Kuchipudi style of Indian Classical Dance is a standing example for this. The region of Krishna and Godavari river delta which comes under modern Andhra Pradesh State and ‘Telugu’ being the predominant language saw a rich growth of art. The temples of  movva gopala swami and the Andhra Maha Vishnu at Srikakulam  and the adjoining ‘Agraharam’ of Kuchipudi, show us a proof of how the dance was used by the two classes of dancers for two different causes. The devadasis of the srikakulam temple danced the sringara padams written by ‘Kshetrayya’ with the hero as the ‘Movva Gopala Swami’  to entertain the public juxtaposed to the Kuchipudi Bhagavatulu who  danced ‘Bhamakalapam’ by ‘Siddhendra Yogi’ preaching the jeevatma and paramatma tatva, during the same era.  Kuchipudi didn’t just stop here, but it went ahead with its mission and started incorporating and presenting ‘Kelikas’ where social issues became the prime subject of presentation.

BUT ALAS, with the passage of time and the growth of technology and increasing influence of the various modes of entertainment, spectators are kind of hooked to television and computers rather than witness a live performance. On the other hand, the competitive nature of the dance field as a career has grown. Glamour has taken a prime role in dance. Darvin’s theory of struggle for existence and survival of the fittest has come into play. Dancers take to unfair and unethical means to prove themselves successful. Dance has become a business for many. There’s a mad rush to achieve and receive awards, no matter how. The number of half knowledged dancers and mediocracy in the quality of dance is growing high. The goal today has become to attract the primary position of the spot light and in the process demean the musicians who are equal contributors for the success of a performance. Literally, the musicians deserve more than half the credit these dancers sweep away.  Singing for dance concerts is not considered good enough any more. Quality singers refuse to sing for dance. All these mal-practices are not just degrading the dignity of dance but also misguiding the dance from its path.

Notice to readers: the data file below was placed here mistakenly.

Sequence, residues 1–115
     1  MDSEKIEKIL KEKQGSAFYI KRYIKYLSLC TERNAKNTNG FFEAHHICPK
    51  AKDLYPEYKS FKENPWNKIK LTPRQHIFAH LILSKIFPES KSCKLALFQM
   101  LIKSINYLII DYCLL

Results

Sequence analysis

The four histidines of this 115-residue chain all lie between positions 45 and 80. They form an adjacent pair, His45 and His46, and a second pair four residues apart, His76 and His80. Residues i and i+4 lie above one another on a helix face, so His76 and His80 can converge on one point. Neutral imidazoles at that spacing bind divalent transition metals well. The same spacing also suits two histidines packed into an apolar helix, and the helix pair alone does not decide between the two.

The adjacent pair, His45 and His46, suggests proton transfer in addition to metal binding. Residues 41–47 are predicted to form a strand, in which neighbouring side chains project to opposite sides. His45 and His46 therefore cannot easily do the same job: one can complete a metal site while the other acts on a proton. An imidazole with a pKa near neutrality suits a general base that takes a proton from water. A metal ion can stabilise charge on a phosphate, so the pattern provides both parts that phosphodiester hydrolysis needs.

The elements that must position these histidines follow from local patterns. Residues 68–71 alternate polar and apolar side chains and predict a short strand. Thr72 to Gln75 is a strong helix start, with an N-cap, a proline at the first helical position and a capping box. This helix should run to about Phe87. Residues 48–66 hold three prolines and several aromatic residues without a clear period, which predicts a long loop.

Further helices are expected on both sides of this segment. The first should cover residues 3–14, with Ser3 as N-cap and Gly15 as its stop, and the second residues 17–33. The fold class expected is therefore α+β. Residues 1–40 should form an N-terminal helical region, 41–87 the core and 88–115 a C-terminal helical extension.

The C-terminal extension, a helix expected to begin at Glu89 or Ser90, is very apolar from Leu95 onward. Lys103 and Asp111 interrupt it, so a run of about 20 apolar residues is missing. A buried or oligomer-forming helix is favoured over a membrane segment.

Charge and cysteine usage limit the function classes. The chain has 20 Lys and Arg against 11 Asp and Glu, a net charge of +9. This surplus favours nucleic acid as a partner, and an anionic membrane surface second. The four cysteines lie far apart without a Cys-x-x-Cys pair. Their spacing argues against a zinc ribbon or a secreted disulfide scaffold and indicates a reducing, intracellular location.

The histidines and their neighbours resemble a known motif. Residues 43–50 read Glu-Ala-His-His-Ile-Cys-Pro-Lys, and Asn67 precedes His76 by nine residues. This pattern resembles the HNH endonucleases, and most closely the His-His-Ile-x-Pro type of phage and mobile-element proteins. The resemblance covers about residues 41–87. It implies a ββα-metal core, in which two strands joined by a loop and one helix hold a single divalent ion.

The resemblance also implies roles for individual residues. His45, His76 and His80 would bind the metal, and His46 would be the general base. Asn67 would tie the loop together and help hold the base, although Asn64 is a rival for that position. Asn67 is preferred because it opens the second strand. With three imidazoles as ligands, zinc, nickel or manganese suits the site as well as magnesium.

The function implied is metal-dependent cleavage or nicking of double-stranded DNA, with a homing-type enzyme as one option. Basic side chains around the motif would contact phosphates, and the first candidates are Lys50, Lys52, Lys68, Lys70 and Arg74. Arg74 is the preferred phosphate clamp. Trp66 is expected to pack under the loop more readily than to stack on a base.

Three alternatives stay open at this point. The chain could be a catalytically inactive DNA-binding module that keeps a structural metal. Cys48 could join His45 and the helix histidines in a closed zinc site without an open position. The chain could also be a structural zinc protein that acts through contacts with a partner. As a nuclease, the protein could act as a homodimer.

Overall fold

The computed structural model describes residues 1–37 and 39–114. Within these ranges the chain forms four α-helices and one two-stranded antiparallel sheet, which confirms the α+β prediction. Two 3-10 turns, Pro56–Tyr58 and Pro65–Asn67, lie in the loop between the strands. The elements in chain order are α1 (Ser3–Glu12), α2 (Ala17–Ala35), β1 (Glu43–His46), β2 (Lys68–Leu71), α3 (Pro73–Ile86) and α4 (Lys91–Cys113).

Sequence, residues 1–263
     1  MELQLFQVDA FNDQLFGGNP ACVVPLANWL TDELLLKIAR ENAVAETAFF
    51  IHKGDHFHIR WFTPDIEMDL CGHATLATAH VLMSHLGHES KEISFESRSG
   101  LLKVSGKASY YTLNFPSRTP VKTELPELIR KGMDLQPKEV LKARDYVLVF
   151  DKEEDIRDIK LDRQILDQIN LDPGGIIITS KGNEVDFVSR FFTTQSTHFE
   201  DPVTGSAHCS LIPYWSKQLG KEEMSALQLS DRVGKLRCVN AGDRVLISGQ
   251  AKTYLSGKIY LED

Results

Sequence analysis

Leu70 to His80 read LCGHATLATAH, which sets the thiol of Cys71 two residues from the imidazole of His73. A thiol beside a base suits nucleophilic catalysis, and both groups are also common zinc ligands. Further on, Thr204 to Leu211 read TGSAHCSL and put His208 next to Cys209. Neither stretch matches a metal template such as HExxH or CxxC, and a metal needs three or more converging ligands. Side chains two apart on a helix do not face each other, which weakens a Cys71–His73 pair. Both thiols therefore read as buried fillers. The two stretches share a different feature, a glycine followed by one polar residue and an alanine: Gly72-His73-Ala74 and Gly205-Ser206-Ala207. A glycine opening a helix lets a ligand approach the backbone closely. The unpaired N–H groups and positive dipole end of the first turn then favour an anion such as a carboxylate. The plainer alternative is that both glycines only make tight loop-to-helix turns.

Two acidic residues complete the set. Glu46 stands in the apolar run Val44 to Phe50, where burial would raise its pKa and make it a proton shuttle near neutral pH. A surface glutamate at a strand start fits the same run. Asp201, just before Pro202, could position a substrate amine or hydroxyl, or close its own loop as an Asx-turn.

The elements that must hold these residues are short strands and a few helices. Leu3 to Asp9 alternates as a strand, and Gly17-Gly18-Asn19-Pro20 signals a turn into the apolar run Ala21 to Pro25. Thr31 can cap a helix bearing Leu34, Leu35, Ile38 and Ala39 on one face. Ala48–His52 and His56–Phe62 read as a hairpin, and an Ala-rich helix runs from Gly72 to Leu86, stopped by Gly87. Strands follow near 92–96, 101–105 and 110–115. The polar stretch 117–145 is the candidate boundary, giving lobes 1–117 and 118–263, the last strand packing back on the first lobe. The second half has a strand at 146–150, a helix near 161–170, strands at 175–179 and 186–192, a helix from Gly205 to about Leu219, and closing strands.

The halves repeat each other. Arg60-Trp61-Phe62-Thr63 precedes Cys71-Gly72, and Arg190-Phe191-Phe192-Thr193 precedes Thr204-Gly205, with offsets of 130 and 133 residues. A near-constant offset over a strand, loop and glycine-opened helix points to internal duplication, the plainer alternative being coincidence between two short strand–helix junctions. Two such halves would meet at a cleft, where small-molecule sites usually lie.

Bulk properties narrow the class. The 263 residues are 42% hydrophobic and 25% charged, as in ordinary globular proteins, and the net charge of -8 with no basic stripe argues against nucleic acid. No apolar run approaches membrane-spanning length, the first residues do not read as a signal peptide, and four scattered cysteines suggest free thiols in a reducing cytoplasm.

In today’s secular society, the class of ‘devadasis’ or ‘sani varu’ no more exists. A’brahmin’ is apprehensive to speak out his identity and thereby hides his sacred thread behind his shirt. So there are no bhagavatulu’s either.  Dance today, has become an art accessible to any caste and any gender of people.  SO THE RESPONSIBILITY OF THE DANCERS HAS INCREASED.  Dance has reached the modern theatres where electronic equipments and the beautiful light affects have their own role to play to beautify the concert.  Thanks to some connoisseurs who wish to create productions like ‘Shanti’, ‘Kundalini’, ‘vedam’ etc, which are enriching to the audience. And thanks to the entire crew members who make staging of such productions possible, making the social cause of dance survive.

BUT THIS IS NOT ENOUGH. MORE HAS TO BE DONE. The dancers first need to wake up from their deep slumber, be totally aware of where they stand, their actions and what they really want to do with the weapon called dance in their hands.  A knife can kill someone, the same knife can carve a sculpture. Choice is of the artiste. Rat race leads to no-where. Working hand-in- hand, we the dancers can bring a change in the society.  Its very painful and sad to know the fear in a father’s mind to encourage his daughter in the dance field. This fear and insecurity cannot be denied but it can be removed or changed. Let us be good human beings, contributing to the society in a positive way and build a generation of youngsters who would in turn be productive to the society and not teach disrespectful traits in the name of sringaram.



“Yatra  naari poojayante, ramante tatra devataa”

To conclude,

DO not mishandle dance; It is representative of a tree with full bloom flowers spreading its fragrance everywhere, or one can also symbolize it as a beautiful  young lady, in the peak of her youth, full of desires and dreams for her future. If handled with care, dance can be the kalpavruksham, the kamadhenu or the mother with worthy children for the society, but if mis-handled it can lead to the destruction of the society. Let the dance travel  safe and sound to the  generations to come where it  has collected the wisdom  of a grand-mom and who teaches  as she entertains her  grandchildren with her  bed-time and meal-time stories